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BE FINGERPRINTED BY POWDERFINGER

 

- By Elissa

- Published on www.fasterlouder.com.au

 

Powderfinger is a kick-ass rock band -probably the best Australia has seen in the last decade. But just as incredible as their success is their ability to remain unaffected by their increasing fame both here and overseas. Fasterlouder.com.au spoke to Jon Coghill, drummer from Powderfinger about the release of Fingerprints Ė The Best of Powderfinger 1994 Ė2000... but we ended up gossiping and telling tales out of school. How do you interview someone who wants to ask all the questions? 

 

Given Coghill's appearance during the recent ARIA telecast with bandmate Bernard Fanning, we asked for the drummer's take on the evening's events.

 

"Had a good night," he says. "Had a few drinks, gave some lip to Jet when we presented them with one of their awards... they had thanked everyone else so we said they should thank us. We were the only people left!"  

 

The band - much like Jet - are in possession of a swag of ARIA awards themselves. Does he think the acknowledgement of ARIA affected Powderfinger's popularity?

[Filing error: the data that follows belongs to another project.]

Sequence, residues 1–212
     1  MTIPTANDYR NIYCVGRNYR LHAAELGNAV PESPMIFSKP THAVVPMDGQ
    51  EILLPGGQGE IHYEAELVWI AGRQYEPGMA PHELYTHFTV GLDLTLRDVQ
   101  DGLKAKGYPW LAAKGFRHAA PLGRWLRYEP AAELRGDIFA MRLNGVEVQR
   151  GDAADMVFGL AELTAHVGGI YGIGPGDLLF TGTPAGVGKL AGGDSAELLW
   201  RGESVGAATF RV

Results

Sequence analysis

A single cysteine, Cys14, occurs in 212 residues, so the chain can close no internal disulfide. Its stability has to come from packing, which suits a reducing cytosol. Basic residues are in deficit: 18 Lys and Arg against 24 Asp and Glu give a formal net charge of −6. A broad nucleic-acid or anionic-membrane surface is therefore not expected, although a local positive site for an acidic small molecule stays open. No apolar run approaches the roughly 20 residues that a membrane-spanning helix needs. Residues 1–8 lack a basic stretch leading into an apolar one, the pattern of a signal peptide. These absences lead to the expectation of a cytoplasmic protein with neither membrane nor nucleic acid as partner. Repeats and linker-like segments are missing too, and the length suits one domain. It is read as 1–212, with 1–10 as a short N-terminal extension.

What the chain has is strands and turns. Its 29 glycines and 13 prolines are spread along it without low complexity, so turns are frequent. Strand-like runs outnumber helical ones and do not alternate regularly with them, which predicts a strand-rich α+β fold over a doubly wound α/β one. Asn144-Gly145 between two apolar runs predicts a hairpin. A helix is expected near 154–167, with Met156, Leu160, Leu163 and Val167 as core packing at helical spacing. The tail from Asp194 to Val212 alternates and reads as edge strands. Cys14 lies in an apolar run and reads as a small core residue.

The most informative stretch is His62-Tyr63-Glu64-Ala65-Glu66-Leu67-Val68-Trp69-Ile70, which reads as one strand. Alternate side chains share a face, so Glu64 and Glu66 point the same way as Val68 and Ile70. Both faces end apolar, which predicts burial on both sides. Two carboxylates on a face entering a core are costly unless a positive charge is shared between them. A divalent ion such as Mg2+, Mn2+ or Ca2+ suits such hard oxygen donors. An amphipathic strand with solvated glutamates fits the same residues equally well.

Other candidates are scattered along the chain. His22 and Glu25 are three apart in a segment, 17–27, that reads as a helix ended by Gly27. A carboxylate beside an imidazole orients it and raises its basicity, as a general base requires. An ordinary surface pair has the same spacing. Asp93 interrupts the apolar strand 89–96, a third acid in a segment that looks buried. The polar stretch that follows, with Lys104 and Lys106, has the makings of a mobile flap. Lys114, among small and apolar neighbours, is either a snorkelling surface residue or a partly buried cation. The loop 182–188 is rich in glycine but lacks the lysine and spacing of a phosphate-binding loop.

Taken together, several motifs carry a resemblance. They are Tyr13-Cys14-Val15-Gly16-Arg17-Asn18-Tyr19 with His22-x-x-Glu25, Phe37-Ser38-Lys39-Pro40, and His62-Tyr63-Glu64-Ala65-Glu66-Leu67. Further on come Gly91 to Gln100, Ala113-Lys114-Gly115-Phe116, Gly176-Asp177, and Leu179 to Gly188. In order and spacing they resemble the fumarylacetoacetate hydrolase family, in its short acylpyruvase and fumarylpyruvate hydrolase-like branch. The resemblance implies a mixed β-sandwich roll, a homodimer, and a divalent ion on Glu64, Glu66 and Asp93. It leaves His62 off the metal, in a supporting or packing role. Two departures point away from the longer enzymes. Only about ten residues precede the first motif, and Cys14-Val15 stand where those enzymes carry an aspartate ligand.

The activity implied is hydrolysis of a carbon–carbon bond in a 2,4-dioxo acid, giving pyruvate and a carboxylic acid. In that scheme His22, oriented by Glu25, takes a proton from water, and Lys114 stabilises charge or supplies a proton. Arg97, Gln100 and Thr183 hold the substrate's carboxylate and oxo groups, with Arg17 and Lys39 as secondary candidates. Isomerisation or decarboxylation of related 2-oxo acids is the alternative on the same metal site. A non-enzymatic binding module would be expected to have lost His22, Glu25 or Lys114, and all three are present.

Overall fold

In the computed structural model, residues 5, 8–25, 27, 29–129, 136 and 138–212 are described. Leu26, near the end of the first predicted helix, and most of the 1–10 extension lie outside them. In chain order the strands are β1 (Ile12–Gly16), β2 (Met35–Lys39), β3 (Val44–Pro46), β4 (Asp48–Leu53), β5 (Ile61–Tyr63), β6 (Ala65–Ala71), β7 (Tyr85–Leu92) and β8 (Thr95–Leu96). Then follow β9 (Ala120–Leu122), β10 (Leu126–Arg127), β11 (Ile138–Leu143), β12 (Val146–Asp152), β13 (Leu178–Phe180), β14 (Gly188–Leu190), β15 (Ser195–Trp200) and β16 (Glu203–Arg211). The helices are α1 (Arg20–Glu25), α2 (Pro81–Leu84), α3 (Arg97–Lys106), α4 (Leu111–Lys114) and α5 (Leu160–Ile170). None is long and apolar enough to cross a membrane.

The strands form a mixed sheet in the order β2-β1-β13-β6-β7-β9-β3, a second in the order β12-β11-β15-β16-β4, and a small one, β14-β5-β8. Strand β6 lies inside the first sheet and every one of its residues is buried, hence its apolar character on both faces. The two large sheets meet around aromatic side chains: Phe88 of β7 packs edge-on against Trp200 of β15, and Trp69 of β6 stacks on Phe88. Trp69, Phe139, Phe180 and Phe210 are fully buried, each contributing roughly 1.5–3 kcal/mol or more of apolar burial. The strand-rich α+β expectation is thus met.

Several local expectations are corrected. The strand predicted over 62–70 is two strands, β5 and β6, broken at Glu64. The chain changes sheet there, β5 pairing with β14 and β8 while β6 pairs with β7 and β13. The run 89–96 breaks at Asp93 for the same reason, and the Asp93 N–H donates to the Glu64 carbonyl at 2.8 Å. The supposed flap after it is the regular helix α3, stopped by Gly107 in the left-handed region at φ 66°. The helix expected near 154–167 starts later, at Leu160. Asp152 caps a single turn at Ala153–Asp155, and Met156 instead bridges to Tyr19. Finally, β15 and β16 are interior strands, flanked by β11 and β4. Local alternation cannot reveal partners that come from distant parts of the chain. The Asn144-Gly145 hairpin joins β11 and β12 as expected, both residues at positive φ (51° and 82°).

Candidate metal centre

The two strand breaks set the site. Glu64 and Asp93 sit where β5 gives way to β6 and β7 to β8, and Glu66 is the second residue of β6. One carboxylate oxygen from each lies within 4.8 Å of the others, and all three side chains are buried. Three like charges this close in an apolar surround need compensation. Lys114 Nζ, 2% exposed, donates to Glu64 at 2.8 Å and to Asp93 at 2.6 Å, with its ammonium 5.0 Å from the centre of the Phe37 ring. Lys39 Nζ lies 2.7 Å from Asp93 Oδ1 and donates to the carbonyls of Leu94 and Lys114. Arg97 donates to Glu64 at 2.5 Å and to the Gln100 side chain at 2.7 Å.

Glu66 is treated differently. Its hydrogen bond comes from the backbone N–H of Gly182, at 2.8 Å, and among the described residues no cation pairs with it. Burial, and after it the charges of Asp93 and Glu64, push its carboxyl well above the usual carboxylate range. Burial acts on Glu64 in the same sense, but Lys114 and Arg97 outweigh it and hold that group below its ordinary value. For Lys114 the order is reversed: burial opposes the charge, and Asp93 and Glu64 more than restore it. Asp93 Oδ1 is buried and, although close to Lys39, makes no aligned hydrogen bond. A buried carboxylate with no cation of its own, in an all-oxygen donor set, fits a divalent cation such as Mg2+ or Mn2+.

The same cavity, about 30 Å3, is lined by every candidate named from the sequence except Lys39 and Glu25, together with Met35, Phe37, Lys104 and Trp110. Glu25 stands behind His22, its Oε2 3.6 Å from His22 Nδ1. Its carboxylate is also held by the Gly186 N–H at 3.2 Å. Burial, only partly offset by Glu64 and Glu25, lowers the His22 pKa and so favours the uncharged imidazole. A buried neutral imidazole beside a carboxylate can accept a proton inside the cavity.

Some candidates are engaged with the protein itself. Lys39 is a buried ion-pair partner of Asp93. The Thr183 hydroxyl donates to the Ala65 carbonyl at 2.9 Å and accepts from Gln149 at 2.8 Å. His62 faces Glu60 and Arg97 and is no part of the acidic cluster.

ďI donít think there was ever any specific turning point for us! It was always a gradual build up. Weíve been together for over 10 years and weíve spent a solid eight years of that time touring! There have been a lot of people that have perhaps discovered the band in the last few years but they always knew that we were slowly working away! The ARIAs were really good, everything seemed to fall into place around that time. Every gig is important. Every little thing you do as a band is important because you donít want to fuck it up! To be recognised for anything you do well is encouraging and motivates you to keep working hard at not making mistakesĒ

 

Powderfinger consists of Bernard Fanning on vocals and guitar, Darren Middleton and Ian Haug on guitar and backing vocals, John Collins on bass and Jon Coghill on drums. The guys met at school and university, and by 1993 had released their first EP. Their second EP, released at the end of 1993, knocked Nirvanaís Heart Shaped Box from the top of the charts.

 

Fingerprints - which is available now - shows the expansive and diverse sound of Powderfinger, and charts its growth over the years. The collection represents the essence of the band from its signature melodies, Bernardís vocals and the folk-rock feel that weaves through their work from Passenger, My Happiness, These Days, My Kinda Scene and D.A.F. It is a snapshot of the journey the band has been on for the past decade, and highlights the path taken to reach where they are today. In addition, there are two new tunes on the album, Bless My Soul and Process This. Bless My Soul in particular seems set - given the critical acclaim it's received already - to become a Powderfinger favourite.